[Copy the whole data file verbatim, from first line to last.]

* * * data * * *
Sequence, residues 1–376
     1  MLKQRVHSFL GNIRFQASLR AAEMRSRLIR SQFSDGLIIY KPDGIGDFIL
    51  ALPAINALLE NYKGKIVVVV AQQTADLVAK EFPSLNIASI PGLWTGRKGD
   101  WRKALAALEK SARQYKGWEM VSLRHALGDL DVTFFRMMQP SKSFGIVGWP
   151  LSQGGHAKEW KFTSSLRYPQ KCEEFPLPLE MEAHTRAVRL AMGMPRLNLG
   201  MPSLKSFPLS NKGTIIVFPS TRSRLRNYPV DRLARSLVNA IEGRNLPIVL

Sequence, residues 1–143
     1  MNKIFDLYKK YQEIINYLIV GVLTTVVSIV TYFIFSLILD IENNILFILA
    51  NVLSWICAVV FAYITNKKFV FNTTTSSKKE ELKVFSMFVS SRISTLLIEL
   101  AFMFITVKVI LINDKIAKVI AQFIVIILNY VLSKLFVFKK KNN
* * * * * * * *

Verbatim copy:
Sequence, residues 1–376
     1  MLKQRVHSFL GNIRFQASLR AAEMRSRLIR SQFSDGLIIY KPDGIGDFIL
    51  ALPAINALLE NYKGKIVVVV AQQTADLVAK EFPSLNIASI PGLWTGRKGD
   101  WRKALAALEK SARQYKGWEM VSLRHALGDL DVTFFRMMQP SKSFGIVGWP
   151  LSQGGHAKEW KFTSSLRYPQ KCEEFPLPLE MEAHTRAVRL AMGMPRLNLG
   201  MPSLKSFPLS NKGTIIVFPS TRSRLRNYPV DRLARSLVNA IEGRNLPIVL

Sequence, residues 1–143
     1  MNKIFDLYKK YQEIINYLIV GVLTTVVSIV TYFIFSLILD IENNILFILA
    51  NVLSWICAVV FAYITNKKFV FNTTTSSKKE ELKVFSMFVS SRISTLLIEL
   101  AFMFITVKVI LINDKIAKVI AQFIVIILNY VLSKLFVFKK KNN